To the Editor:

In August, an article titled, "Obama Foundation fundraising up this year, tax docs shows," made it appear that the Foundation was free of financial shortfalls that would stop the Obama Presidential Center from rising out of hundreds of dead trees cut in Jackson Park. But five months later, the financial situation is, if anything, worse.

Section 12(h), the September 2018 master agreement between the Foundation and the City, requires the Foundation to certify it has in hand cash or pledges that "in the aggregate equal or exceed the Projected Total Construction Costs of the Presidential Center in order to take possession of the 19.3 acres of Jackson Park slated to become the home of the OPC. Section 12(j) then requires the Foundation to endow — i.e., put in a restricted escrow-type account — funds necessary to operate, maintain and improve the OPC. The Foundation failed to meet either condition.

First, the Foundation claimed it had raised sufficient funds to start construction. In its initial report of March 2021, it noted that it had raised some $485 million, or $3 million more than the anticipated cost of the OPC. The catch was that the Foundation had already spent or committed a large fraction of those dollars on unrelated items, including heavy administrative expenses and various OPC programs. The Foundation should not be able to count toward its construction costs money already spent elsewhere, or that is restricted to other nonconstruction uses. Worse still, by June, the Foundation's estimated that construction costs had increased to $700 million, double its initial cost estimates from 2018. Moreover, since August 2021, the costs position could only worsen with inflation and supply chain difficulties. Despite the increase in costs and massive shortfall, the transfer took place without requiring the Foundation to update its cost figures.

Second, as to the endowment, despite acknowledging that the first year of operation will cost $40 million and needs $470 million for operations, the Foundation established an endowment with a grand total of $1 million.

The City and the Foundation claim that they have "ample" time to raise funds. But even if the original terms of the grant were improperly disregarded, as of today, the money is not there. First, the total net assets of $560 million on hand in March 2021 were not fully available to fund the $830 million that the Foundation claimed in August 2021 that would be "needed to build, operate Obama Center in the first year," for those assets included about $70 million in preconstruction costs, plus other costs of other programs and routine administrative expenses. At most, there are $200 million in restricted funds to cover the costs of construction, operation, maintenance, and improvements.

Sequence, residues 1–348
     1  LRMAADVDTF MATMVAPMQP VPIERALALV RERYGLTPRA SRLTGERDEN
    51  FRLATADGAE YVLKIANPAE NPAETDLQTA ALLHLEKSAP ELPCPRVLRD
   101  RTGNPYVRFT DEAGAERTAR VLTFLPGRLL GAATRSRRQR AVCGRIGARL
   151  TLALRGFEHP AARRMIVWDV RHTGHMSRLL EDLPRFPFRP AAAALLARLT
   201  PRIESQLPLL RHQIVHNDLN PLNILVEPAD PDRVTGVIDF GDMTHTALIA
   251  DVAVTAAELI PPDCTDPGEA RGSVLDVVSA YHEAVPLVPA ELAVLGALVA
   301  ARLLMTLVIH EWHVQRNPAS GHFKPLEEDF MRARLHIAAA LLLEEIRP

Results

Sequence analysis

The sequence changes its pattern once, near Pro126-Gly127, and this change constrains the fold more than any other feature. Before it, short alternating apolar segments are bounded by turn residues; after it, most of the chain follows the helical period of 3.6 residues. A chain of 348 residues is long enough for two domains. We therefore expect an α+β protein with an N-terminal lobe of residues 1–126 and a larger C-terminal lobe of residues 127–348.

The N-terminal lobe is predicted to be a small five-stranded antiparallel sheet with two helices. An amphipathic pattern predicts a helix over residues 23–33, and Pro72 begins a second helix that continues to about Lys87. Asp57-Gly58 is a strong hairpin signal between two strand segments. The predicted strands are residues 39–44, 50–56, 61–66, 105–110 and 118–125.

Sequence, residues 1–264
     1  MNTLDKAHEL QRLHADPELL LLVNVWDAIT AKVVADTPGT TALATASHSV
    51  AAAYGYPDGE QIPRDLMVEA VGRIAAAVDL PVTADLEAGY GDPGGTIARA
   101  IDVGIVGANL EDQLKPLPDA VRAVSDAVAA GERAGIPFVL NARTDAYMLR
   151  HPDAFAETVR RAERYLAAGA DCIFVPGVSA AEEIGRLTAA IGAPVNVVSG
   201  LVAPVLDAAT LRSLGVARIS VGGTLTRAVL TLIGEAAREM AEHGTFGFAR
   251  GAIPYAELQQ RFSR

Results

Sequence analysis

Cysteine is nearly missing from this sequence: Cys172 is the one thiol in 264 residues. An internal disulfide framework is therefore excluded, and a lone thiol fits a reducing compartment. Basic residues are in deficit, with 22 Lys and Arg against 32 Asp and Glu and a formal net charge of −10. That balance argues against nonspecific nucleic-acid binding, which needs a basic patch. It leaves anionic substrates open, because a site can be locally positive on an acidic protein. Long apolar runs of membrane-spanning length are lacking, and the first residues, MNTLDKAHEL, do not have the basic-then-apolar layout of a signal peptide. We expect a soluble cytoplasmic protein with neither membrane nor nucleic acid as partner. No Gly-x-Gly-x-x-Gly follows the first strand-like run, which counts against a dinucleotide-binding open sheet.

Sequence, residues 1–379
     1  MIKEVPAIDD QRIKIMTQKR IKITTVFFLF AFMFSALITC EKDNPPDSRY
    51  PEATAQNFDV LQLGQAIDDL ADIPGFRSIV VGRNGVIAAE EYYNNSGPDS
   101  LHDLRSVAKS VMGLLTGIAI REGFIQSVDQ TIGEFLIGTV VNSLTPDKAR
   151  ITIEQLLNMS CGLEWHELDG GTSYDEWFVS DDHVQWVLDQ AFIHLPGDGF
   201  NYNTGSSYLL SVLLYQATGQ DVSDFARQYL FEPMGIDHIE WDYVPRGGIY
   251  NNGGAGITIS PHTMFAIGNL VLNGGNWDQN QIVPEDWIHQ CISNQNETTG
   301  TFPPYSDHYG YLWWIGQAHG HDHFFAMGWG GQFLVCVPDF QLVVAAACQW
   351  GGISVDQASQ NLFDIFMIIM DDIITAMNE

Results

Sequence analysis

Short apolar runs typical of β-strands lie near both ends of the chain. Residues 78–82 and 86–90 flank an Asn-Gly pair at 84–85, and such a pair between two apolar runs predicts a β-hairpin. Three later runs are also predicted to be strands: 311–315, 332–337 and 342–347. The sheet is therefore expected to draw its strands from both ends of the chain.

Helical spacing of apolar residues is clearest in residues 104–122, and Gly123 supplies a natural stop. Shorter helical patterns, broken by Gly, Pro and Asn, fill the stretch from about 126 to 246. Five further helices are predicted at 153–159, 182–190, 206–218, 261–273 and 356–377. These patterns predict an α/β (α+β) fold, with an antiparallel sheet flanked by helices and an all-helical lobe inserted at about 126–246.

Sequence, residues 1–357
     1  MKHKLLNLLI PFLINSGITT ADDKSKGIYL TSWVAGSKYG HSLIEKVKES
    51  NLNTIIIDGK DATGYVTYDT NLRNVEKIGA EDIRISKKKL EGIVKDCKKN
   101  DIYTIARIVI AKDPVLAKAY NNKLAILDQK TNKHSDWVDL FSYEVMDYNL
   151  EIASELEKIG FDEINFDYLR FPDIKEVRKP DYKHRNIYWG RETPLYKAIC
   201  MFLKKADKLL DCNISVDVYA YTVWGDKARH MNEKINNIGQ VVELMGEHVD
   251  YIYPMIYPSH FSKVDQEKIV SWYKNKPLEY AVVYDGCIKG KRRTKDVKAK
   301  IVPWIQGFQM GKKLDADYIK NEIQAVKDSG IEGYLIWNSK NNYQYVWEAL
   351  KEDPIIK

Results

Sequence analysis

The Foundation announced a fundraising campaign to raise $1.6 billion over the next five years to cover the aforementioned shortfalls. Yet, the most the Foundation has ever raised in one year was $233 million in 2017. At that pace, the probability of reaching its fundraising target for each of the coming five years is unlikely. But even if a miracle occurred, the $1.6 billion goal also has to cover the Foundation's ongoing and recurrent obligations (i.e., fundraising costs, salaries for close to 200 employees, ongoing programs of education and outreach, administrative expenses, etc.). Even the recent Jeff Bezos pledge of $100 million in unrestricted funds does not materially alter the financial situation described above, a testament to the gravity of the situation. Construction costs far exceed the amounts earmarked, and the endowment fund for operations has less than three percent of what's needed for the first year of operations.

The City must be prepared to answer what happens if the Foundation's ambitious construction project implodes when the project is half-complete? And who will shoulder the burden? Unfortunately, this tale of financial woe is only one of many dubious steps that the City and Foundation have taken to hurry this project along in ways that will compromise the physical integrity of the lakefront and the City's financial viability.

The solution is simple — halt the current project and thoughtfully review the South Side alternatives that would permit the best project for the City, the community, and the Foundation. Otherwise, the Chicago Bears' plans to leave Soldier Field could be a tell-tale sign of leaving taxpayers and residents here holding the proverbial bag over the problematic development and over the loss of a great public park whose destruction also negatively impacts the health and welfare of the community which it serves.

Richard A. Epstein and Michael Rachlis

The writers are co-counsels for Protect Our Parks

(1) comment

Ross Petersen

I believe the Obama foundation has fallen behind on their fundraising, and they failed to consider the impact their location has had, on attracting that support. Most corporations, foundations are reluctant to support the destruction of a Public Park.

We did not hold meetings to discuss the Obama center, we had an 'unveiling', instead.

Recently, the Obama foundation announced that they would accept contributions, and name parts of the center in anyone's honor - as long as this was accompanied by a sizable contribution. This is a ghastly boondoggle that will deface a beautiful, lakefront Park. And you wonder why no-one is contributing.

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